Our goal for the shelter is twofold – the first being tangible and the second an ideal.  Goal #1 is to provide two meals a day, every day for the shelter kids.  The second is to work with the students and staff members to refocus their perspective from survival mode to a more future-oriented mentality; this would encourage savings, goal setting and a strengthened work ethic.  In order to help them find confidence in the future, however, today’s needs must first be met.  We worked on a plan that would alleviate both short and long term struggles.   Our solution was to start an agriculture project run by the students and staff of the shelter home, whereby the food grown would supplement the student’s diet and the surplus would be sold in the nearby markets to accumulate savings for future investments and emergencies.

An agricultural business seemed appropriate for a number of reasons: first, the shelter is located in an area with vast, fertile land, perfectly suitable for a number of different local crops.  The Village Chief of a neighboring community offered to donate us 10 acres of land on which to start our project (truly a blessing from above).  Not only is the land endowed with good soil, a river borders the site which will provide year-long supply of fresh water to the farm.  Second, the Sierra Leonean government has made domestic agricultural production a staple of their overall development strategy, endorsing both small and large scale farming to reduce the country’s dependence on imported food.  This has resulted in fewer restrictions on land use for agricultural purpose and increased support for community agricultural development.  Third, agriculture as an academic study is compulsory in secondary education due to the significance of farming in Sierra Leonean culture; 2/3 of the labor force is engaged in agriculture, 90% of which are women.  Both business and agricultural skills would be learned in a practical environment with the advent of an agriculture project at the shelter, an invaluable asset to students who have a limited opportunity to advance to university.  Competence in agriculture at an early stage could help the shelter student’s transition to a promising career in commercial farming.  Lastly, farming takes time, nurturing, and perseverance.  There are factors completely out of human control which can lead to unpredictable outcomes.  However, with patience and hard work, the rewards are plentiful.  I was reminded of this reading through Proverbs a few days ago.  Proverbs 13:11 says, “Wealth from get rich quick schemes quickly disappears; wealth from hard-work grows.”  In addition to practical skills gained, the shelter students will experience personal growth and pride in ownership and responsibility; something that they can carry with them throughout their lives.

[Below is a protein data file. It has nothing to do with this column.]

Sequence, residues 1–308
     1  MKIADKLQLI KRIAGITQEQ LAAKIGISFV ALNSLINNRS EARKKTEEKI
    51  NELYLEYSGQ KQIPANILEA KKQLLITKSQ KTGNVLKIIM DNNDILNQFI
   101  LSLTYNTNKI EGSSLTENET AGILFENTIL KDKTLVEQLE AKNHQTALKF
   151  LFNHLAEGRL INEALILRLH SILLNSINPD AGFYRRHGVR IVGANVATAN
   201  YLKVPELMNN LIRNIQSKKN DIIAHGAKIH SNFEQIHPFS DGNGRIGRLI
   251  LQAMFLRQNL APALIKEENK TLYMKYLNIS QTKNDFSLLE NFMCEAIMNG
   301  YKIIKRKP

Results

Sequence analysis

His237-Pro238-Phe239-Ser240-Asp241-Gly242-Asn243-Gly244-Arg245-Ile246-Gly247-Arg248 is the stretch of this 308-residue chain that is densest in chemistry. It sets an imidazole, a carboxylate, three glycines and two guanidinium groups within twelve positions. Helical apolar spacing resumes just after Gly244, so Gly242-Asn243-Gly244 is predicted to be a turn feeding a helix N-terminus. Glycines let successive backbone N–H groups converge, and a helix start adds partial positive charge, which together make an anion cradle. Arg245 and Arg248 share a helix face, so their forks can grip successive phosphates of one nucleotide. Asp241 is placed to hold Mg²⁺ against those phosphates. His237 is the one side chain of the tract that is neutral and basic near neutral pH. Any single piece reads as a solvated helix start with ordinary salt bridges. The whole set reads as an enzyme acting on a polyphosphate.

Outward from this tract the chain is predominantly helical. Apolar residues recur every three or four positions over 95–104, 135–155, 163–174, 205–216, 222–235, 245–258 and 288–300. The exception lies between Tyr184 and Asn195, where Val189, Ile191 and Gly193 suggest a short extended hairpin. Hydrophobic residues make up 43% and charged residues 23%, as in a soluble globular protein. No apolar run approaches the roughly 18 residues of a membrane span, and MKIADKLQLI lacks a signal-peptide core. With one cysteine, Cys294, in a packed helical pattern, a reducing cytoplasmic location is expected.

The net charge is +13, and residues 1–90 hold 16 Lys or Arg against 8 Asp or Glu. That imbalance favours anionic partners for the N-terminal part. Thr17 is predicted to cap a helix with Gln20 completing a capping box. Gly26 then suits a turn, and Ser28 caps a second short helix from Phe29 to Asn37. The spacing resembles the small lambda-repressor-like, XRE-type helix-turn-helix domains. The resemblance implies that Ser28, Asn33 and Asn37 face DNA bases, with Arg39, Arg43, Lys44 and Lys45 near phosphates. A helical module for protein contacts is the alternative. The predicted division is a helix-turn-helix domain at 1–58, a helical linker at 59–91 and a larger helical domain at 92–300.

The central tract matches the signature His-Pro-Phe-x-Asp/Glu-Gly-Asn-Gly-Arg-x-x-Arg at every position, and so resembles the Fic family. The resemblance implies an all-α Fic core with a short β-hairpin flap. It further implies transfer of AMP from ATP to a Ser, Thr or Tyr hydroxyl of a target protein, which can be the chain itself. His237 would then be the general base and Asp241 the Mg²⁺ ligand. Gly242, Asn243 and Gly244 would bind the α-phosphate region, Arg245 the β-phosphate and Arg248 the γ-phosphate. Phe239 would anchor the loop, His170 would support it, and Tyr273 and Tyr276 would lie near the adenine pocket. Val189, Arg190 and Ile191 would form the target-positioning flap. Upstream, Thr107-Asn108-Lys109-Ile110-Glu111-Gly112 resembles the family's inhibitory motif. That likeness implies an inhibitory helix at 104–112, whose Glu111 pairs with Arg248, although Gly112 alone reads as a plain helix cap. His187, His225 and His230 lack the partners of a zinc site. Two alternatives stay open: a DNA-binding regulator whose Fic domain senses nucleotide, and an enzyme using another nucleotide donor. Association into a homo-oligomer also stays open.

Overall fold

New Farm Tools!
New Farm Tools!

Pepper Beds

After a few months of planning, fundraising and preparation, our ideas have finally become a reality.   The agriculture project and business plan was conceived and designed together with Reverend Spencer and a few of the teachers at the school.  After months of working with lawyers to navigate the convoluted government ministry procedures and formalities (i.e. bribe under the guise of an “expediting fee”), we were able to officially secure the donation of the full 10 acres of land through the Ministry of Agriculture and Forestry Department.  For the first year, we are going to clear and plant on three acres of land, which gives us plenty additional acreage to expand when we’re ready for it.  Our main crops are pepper, cassava, potato, groundnuts, cucumber, okra, and eggplant.   We have hired a farm manager, Pa Fatorma, and one additional full time laborer, Abdul Smith.  The shelter students work on the weekends and have been given personal plots to manage (growing a crop of their choice) which will be integrated into their agriculture curriculum at school.  Just last week, we were able to purchase a motorcycle for transportation to and from the farm site.  A savings account has been opened for the Shelter with close to $100 to get them started.   Reverend Spencer and the students are incredibly proud of their project, and for the first time, hopeful that the future is bright.

Pa Fatorma nursing pepper seedlings

Brand New Project Bike!!
Brand New Project Bike!Some of the land clearing laborers and Shelter Students

More updates and pictures of progress at the Fountain of Mercy Agriculture Project coming…

If you would like to donate to the agriculture project or anything else at the shelter home, please click here.  We are grateful for any donations!

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2 Comments

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  1. Ashley, I am so proud of you, your charisma, intelligence, enthusiasm!!!
    Congratulations on a job well done, I send my love to you, always!!!! Karen

  2. The agricultural project is a success, so many congratulations to you!!!!
    I am so happy that your efforts have paid off!!!! Karen